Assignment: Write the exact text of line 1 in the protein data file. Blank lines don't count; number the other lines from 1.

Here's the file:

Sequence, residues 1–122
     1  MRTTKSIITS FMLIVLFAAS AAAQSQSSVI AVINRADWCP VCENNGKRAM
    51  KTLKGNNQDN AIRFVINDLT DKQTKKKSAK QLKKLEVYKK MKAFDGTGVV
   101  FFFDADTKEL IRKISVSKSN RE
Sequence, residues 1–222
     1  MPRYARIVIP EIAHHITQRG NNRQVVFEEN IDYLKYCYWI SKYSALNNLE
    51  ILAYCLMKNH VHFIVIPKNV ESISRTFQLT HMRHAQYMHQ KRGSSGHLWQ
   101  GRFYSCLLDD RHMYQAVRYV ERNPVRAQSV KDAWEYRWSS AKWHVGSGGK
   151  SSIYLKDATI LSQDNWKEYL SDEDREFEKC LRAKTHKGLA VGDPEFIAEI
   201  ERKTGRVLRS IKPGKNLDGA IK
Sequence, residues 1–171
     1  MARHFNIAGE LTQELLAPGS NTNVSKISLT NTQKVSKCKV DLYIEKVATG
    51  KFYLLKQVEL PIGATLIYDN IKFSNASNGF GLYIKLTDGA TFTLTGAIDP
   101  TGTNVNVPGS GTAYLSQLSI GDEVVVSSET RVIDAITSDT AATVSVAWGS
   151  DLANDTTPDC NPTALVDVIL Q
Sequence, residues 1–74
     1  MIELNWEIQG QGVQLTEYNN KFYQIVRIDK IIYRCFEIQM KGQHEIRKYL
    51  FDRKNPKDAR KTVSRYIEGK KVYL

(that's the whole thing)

Sequence, residues 1–122